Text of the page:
Gas tax hike beats higher impact fees
By A TIMES EDITORIAL
Published April 26, 2007
When it comes to finding new ways to pay for new roads, Pasco commissioners are sticking to an old method: foisting much of the bill on owners of new homes.
Impact fees are a tried-and-true way to pay for road construction. Tuesday marked the fifth time since 1986 that commissioners voted to increase the transportation fees intended to make growth help pay for additional demands for services. The cost beginning Oct. 1 will be $9,500 for a single-family home, a 125 percent increase over the current fee of $4,200.
Commissioners correctly skipped an advisory panel's recommendation to set aside $25-million from property taxes over the next five years to help foot the road construction bill. That was unrealistic given the climate in Tallahassee to reduce local property tax bills.
Unfortunately, commissioners also bypassed any discussion of increasing the local gasoline tax. A nickel-per-gallon increase in the gasoline tax is projected to produce $55-million over the next five years. A mix of a higher gas tax and higher impact fees is a prudent way to help close a $950-million shortfall in the county's road-building plans.
It is understandable commissioners would be reluctant to engage in a debate over a higher tax at the same time the price of gasoline is near $2.85 for a gallon of regular unleaded. But, commissioners historically duck this scenario no matter what the price at the pump. Commissioner Pat Mulieri helped kill a proposed 2-cent increase in the gas tax five years ago - to pave dirt roads - when the price of gas was less than $1.35 a gallon, and a previous board buried a proposed 1-cent increase in 1998 when a gallon of gas was dropping below a dollar.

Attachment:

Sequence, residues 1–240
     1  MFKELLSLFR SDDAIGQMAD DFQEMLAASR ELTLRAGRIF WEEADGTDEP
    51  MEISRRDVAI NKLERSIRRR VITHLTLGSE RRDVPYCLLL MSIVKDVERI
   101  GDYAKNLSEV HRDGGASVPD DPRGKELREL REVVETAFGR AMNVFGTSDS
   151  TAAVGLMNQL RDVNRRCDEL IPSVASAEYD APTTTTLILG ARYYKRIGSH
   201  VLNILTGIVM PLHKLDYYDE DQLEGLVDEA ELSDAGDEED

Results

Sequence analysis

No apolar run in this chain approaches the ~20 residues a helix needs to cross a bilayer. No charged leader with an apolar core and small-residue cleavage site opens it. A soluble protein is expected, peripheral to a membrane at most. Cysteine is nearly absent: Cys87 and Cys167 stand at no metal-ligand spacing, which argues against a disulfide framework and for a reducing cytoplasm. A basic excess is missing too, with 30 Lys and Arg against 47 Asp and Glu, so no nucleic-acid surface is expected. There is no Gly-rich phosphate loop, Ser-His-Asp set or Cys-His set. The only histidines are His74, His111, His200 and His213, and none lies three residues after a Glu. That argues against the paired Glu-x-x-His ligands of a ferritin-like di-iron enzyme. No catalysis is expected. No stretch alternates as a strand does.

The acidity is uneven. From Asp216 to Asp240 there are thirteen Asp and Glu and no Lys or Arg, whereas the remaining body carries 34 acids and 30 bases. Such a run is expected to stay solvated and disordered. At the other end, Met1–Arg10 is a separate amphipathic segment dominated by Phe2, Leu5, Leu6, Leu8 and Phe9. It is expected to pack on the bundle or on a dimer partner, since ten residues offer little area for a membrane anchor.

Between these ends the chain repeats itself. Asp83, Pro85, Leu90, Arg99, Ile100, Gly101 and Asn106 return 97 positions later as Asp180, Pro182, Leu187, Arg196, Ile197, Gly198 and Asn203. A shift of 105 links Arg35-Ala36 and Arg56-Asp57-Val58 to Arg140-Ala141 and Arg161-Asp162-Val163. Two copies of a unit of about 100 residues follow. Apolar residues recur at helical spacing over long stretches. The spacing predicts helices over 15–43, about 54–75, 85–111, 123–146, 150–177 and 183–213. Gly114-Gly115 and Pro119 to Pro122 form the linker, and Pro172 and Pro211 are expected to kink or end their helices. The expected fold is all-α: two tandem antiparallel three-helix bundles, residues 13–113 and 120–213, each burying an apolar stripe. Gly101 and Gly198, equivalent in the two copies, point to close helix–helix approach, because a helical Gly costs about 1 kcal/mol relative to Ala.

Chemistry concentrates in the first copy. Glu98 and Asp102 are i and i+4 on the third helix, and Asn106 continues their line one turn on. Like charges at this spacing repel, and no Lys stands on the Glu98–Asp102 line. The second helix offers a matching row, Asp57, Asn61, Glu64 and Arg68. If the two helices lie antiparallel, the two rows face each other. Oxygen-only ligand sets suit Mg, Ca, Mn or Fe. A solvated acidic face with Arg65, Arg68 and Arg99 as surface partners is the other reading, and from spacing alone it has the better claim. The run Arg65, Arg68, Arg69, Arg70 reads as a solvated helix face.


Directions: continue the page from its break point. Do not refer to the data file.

Commissioners did approve a 1-cent increase in 2002 for maintenance and street lights, but Pasco has never passed a portion of the local-option gas tax the state allows counties to charge for road infrastructure.
Now would have been an appropriate time to debate that option in light of the rising costs for raw materials that have ballooned the price of building roads. The county's $218-million road construction fund will be exhausted by the end of next year with $53-million needed to complete the work planned for the next two years. Coincidentally, that is roughly the same amount the county could count on if it adopted the higher gasoline tax for a five-year period.
Though a 5-cent gasoline tax would produce only a tenth of what new impact fees may generate, it remains desirable because it provides a steady source of income. Much of the analysis on the higher impact fees used rosy projections of at least 4,000 permits being issued by the county annually even though Pasco is on pace to produce just 2,800 this year.
Come July, county staffers will present the commission with its final list of road construction projects recommended for delay. Commissioners should consider then if the short shrift they gave to a new gasoline tax is an appropriate service to motorists stuck in long lines of traffic.